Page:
Seaplane Wreckage Found in Puget Sound

Investigation continues into last week’s deadly Turbine Otter crash near Seattle.

The wreckage was located using side scan sonar, multibeam sonar, and 3D instruments. [Courtesy: University of Washington Applied Physics Laboratory]

The National Transportation Safety Board has located the wreckage of the DHC-3 Turbine Otter that crashed in Mutiny Bay near Seattle earlier this month. The aircraft, registered to Northwest Seaplanes, went down on the afternoon of September 4 during a routing flight from Friday Harbor to Renton.

There were nine adults and one child on board. The body of one of the adults, 29-year-old Gabby Hanna from Seattle, was found in the water moments after the crash. The rest of the victims are still missing.

The wreckage was located through the coordinated efforts of the NTSB, the National Oceanic and Atmospheric Administration (NOAA), and the University of Washington’s Applied Physics Laboratory using side scan sonar, multibeam sonar, and 3D instruments.

Authorities used the aircraft's last known position, along with information on local tides and currents to determine the search area, which was reported to be a 1.75 by 0.75-mile square.

The university’s vessel scanned the area identified from the NOAA multibeam data, and according to the NTSB, "Using all available data, investigators concluded the targets they identified were from the aircraft."

The images from the floor of the Puget Sound show a long object that may be the fuselage, some 190 feet below the surface. The images do not have much detail, and as of yet, a detailed inspection has not been made of the site.

The NTSB stated, "Due to the depth of the water (100-200 feet) and the current (3-5 knots), the most suitable tool for visual confirmation is a remotely operated vehicle (ROV). NTSB is coordinating with our federal partners and private companies to use an ROV in the search."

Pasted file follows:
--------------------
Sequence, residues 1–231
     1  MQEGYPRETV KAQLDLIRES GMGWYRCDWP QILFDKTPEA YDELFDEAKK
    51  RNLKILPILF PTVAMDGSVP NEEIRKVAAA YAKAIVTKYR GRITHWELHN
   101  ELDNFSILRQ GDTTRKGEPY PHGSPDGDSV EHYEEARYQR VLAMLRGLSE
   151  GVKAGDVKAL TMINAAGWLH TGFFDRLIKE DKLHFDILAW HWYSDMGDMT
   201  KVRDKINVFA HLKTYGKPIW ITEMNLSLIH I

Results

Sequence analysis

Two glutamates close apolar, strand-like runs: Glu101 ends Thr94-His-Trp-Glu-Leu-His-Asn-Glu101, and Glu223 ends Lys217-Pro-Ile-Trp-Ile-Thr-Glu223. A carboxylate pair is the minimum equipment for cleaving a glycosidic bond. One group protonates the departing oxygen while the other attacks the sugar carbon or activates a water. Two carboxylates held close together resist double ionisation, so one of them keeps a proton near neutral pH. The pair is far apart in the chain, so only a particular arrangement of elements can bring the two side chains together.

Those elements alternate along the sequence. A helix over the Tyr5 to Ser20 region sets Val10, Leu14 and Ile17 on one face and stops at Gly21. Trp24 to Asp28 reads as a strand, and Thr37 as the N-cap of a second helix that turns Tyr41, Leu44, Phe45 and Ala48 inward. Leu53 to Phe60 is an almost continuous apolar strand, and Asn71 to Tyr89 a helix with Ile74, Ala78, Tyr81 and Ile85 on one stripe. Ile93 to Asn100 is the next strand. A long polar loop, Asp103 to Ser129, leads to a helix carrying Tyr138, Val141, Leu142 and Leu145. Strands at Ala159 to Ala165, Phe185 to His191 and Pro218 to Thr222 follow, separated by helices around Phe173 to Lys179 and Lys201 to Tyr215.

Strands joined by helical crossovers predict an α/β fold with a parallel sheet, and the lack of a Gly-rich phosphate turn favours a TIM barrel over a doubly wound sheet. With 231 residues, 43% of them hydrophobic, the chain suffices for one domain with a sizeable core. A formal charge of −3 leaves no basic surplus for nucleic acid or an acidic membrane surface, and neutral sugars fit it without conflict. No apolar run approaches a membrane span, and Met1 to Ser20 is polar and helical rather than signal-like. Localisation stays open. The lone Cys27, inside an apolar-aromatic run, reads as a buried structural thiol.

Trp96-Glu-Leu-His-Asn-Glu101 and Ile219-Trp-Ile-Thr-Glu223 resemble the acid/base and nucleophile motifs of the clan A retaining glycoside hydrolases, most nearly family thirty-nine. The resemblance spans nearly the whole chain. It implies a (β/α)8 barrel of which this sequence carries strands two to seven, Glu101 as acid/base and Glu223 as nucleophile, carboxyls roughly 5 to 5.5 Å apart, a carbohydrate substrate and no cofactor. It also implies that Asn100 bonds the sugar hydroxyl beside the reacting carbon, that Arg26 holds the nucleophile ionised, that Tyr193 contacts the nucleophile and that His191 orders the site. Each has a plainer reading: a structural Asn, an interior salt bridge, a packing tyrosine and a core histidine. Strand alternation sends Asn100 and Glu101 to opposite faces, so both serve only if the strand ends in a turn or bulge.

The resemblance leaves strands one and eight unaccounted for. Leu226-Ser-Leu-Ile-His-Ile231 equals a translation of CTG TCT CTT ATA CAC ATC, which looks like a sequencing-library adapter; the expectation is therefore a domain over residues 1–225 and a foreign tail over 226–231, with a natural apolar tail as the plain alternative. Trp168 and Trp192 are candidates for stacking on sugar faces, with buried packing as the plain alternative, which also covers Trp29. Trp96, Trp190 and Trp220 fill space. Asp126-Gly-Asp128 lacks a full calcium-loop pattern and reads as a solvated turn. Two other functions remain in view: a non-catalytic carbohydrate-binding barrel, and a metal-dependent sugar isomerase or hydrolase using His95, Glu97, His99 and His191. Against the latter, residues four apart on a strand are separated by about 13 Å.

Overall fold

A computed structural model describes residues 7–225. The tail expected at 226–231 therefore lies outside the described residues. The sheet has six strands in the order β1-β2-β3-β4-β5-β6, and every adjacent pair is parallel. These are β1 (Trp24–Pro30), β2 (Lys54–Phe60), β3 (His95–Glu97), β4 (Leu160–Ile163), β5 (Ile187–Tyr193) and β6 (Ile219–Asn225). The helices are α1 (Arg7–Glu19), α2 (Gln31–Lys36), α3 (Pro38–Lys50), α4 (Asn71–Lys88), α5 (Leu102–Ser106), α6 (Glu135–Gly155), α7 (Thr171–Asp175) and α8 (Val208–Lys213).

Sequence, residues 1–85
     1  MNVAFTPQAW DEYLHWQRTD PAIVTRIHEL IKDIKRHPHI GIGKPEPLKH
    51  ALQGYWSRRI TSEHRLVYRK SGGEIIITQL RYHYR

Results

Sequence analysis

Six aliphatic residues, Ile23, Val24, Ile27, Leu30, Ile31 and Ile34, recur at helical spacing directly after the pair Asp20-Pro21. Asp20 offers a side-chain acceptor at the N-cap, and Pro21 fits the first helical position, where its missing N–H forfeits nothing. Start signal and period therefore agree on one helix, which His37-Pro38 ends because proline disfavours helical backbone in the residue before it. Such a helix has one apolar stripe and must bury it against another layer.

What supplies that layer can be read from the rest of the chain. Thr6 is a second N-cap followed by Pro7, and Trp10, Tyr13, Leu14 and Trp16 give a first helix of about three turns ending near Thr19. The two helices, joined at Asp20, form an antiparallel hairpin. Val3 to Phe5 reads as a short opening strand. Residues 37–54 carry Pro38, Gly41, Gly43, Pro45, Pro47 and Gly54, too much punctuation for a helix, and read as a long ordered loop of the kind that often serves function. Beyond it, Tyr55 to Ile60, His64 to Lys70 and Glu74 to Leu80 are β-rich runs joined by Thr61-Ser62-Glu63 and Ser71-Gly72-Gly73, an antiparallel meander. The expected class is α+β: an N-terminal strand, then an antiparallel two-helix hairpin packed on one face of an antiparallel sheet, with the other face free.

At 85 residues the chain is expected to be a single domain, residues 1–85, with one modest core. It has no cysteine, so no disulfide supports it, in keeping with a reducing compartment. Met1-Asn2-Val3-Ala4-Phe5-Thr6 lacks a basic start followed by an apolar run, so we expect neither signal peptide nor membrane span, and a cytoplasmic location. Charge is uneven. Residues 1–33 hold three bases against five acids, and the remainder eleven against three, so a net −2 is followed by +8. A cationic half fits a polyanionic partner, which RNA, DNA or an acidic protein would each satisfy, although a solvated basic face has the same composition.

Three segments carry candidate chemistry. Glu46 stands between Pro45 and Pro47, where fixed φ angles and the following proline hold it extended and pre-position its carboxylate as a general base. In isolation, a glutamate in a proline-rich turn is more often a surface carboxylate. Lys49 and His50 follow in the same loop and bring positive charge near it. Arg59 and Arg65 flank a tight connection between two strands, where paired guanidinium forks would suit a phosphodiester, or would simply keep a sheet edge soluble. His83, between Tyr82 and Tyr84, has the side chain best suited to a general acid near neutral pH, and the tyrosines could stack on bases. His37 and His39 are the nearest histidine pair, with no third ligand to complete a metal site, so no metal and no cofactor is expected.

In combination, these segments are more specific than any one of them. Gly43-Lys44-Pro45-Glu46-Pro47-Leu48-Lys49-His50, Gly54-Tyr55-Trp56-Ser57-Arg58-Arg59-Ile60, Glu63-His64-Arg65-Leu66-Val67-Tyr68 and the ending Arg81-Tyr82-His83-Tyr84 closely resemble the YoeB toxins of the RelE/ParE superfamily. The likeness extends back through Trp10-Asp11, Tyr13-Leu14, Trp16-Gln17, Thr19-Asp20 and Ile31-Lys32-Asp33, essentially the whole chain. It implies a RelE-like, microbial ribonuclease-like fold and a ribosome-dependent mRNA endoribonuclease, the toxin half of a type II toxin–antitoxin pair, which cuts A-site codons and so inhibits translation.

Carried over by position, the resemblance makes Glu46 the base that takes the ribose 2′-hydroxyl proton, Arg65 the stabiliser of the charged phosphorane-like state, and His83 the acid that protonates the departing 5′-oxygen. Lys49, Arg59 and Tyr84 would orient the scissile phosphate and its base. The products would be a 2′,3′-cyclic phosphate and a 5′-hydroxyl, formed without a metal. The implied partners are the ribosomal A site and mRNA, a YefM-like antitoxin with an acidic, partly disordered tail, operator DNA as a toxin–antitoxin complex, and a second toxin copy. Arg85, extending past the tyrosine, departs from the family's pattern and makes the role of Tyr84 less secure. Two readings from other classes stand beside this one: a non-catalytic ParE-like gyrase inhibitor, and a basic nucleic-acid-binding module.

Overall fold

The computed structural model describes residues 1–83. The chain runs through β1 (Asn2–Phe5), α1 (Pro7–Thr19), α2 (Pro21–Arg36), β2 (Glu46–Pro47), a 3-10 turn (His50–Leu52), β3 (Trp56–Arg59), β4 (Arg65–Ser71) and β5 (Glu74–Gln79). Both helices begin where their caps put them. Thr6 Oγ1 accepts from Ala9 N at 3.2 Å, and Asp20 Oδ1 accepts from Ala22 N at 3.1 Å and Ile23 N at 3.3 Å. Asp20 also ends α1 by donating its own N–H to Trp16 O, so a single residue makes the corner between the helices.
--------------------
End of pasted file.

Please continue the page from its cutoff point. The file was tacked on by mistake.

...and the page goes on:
The NTSB does not have a date on when the ROV will be deployed.

How It Happened 

The Turbine Otter went down en route from Friday Harbor to Renton. The altitude normally flown by seaplanes along this route is approximately 600 feet above the surface. The aircraft was approximately half-way through the flight.

According to a tweet from Flightradar24, the last ADS-B signal from the Otter was at 22:08 UTC and the aircraft was showing a descent of 7,744 fpm.

There are no reports of the pilot issuing a distress call.

Witnesses to the accident told local television stations that the aircraft hit the water in a vertical attitude. The impact was loud and it sent up a large plume of water.

The Coast Guard searched the area for more than 20 hours, from both the air and water hoping for survivors, but none were found.

During the search, small pieces of plastic and fuel-soaked foam along with a 6-foot-by-18-inch piece of the fuselage with the aircraft tail number N725TH were recovered, along with a few personal items that were believed to have belonged to the occupants of the aircraft.

The NTSB preliminary report on the accident has not yet been compiled. In many cases, the final report is not available for a year to 18 months

Northwest Seaplanes posted on its Facebook page: “The team at Northwest Seaplanes is heartbroken, we don’t know any details yet regarding the cause of the accident. We are working with the FAA, NTSB, and [Coast Guard]. We have been in communication with the families. We are praying for the families involved, including our pilot and his family.”

The company had no comment on the news the wreckage had been located, however, on its Facebook page the company thanked the community for their outpouring of support, and noted a GoFundMe page has been created for the family of pilot Jason Winters.

Meg Godlewski has been an aviation journalist for more than 24 years and a CFI for more than 20 years. If she is not flying or teaching aviation, she is writing about it. Meg is a founding member of the Pilot Proficiency Center at EAA AirVenture and excels at the application of simulation technology to flatten the learning curve. Follow Meg on Twitter @2Lewski.

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